by Anton Shilov
01/28/2010 | 10:51 AM
Apple has finally announced its highly-anticipated iPad tablet. The device seems to be impressive, but it is far from ideal. The iPad seems to have a lot of limitations that were either conditioned by technology or implemented with a clear intention to address them in the second generation. Let’s see why the iPad is not perfect and how the iPad 2 could change that.
One of the most important shortcomings of Apple iPad is the absence of Adobe Flash support. Just like on the iPhone, one may still enjoy YouTube videos on the iPad, but it will be impossible to play flash games or navigate on web-sites that use flash in the menus. Considering that even some corporate sites use flash too extensively nowadays, this does seem to be a huge drawback for a device designed for the Internet. Perhaps, Adobe and ARM will finally enable flash on the ARM processor of the iPad, or Apple will have to somehow implement it on the next-generation iPad.
Another crucial disadvantage of the Apple iPad is the lack of web-cam. Even the cheapest netbooks are usually equipped with one and the vast majority of modern phones can make video calls. It is rather strange that the device developed for those, who browse the Internet often will not be able to support video conferences of calls. Besides, with no camera, the iPad will also not allow to quickly grab a picture and send it to a blog. It will be quite logical for Apple to incorporate a high-quality web-cam into the iPad 2.
The nonexistence of multi-tasking is a yet another strong disadvantage of the iPad. It makes impossible to leave tasks (instant messenger, a book, a game, etc) in the background to quickly check a web-site and write an email, a rather strange thing for an Internet-centric mobile device. It is unclear why Apple decided not to implement multitasking for the iPad at launch, but it is highly likely that the technology will be available in the iPad 2.
Apple has been selling high-definition 720p (1280x720, progressive scan) videos for quite a while now. As a result, the absence of high-definition screen (1024x768 resolution supported) and high-definition output (up to 576p resolution supported) on the iPad seems to be odd. It was logical for apple to stick to 4:3 aspect ratio since iPad should act like an electronic book reader too. At present there are probably no reasonably priced small screens that support 1280x960 resolution, but in the future similar displays may emerge and find themselves on the second generation iPad.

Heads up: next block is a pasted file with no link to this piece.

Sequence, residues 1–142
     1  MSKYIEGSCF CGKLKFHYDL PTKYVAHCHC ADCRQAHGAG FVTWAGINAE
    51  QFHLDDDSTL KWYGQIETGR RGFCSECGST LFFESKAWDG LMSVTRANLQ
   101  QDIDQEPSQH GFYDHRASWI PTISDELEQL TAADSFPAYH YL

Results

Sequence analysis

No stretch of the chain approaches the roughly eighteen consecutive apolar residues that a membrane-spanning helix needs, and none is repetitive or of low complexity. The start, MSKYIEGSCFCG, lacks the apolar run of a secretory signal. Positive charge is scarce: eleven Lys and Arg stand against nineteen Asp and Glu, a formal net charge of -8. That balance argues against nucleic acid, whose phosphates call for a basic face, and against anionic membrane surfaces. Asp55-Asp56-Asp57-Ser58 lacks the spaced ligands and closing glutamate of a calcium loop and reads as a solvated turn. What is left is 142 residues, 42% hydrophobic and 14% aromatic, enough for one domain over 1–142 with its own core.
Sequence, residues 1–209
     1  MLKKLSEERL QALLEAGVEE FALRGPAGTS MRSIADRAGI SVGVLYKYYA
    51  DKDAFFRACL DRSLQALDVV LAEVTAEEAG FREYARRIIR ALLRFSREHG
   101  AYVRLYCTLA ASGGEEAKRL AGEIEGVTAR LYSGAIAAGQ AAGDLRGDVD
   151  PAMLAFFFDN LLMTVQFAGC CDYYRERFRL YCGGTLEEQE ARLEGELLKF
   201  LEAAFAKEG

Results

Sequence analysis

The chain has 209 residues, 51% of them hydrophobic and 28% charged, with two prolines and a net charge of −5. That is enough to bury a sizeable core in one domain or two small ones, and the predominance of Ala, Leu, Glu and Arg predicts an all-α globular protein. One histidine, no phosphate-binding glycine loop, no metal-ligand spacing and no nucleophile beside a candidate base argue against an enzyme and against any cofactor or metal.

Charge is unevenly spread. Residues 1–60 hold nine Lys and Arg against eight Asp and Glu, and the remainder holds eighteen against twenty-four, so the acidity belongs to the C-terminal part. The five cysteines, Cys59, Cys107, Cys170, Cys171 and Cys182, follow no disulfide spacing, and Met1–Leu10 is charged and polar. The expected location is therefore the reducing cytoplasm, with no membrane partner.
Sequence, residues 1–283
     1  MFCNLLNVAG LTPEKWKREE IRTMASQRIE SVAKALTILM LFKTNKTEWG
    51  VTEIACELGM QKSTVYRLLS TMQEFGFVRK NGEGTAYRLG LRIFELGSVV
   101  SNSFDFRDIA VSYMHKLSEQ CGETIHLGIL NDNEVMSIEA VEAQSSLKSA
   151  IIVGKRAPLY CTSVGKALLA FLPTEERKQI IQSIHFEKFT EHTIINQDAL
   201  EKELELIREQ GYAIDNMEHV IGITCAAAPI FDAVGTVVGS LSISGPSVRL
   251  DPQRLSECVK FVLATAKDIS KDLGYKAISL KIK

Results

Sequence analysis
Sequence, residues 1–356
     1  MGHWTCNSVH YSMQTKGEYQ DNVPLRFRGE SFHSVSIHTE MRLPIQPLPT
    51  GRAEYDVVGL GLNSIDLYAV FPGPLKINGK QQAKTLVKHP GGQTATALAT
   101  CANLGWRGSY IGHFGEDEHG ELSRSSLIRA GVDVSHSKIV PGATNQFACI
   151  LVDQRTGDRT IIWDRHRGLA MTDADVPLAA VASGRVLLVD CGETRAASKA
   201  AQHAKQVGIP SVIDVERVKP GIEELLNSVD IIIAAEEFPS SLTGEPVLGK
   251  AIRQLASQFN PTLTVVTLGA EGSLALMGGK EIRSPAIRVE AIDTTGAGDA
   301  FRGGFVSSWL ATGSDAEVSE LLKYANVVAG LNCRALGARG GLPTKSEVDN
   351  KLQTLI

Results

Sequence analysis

A very strange thing about the iPad is the lack of support of GSM voice calls. Of course, Apple needs to sell iPhones, hardly anyone will use a 680 gram device as a mobile phone in general and besides, no notebooks or netbooks with WWAN support allow to make voice calls. Nevertheless, the feature might be appreciated by some users and Apple may at least consider it for the iPod 2. Of course, instead of incorporating GSM voice call support, Apple may introduce its own VoIP application, like Skype, that will be always online and will enable voice communications between the users. Since computers, mobile phones and now tablets from Apple have rather large install base, such an application would get a formidable amount of users at day one.
There are other disadvantages Apple iPad has: it comes with mini-SIM card that is only available from AT&T at the moment and this does not allow end-users to choose their network carrier themselves or use the 3G-enabled device outside the U.S. or other countries where it will be sold; it does not have USB ports, unlike netbooks; it does not feature SD card reader to transfer photos or other content; it cannot run software that does not come from Apple App Store; it does not support sharing of electronic books or music files like Barnes & Noble Nook or Microsoft Zune; Apple iPad carries price-tag that is much higher compared to netbooks, digital media players or portable game consoles. However, Apple will hardly address the majority of those issues with the iPad 2 that will be available sometime in 2011.
Almost all devices from Apple lack critical features in their first generation. The second-generation usually addresses the issues and brings in improvements necessary to popularize the gadgets. Time will tell what happens to the iPad.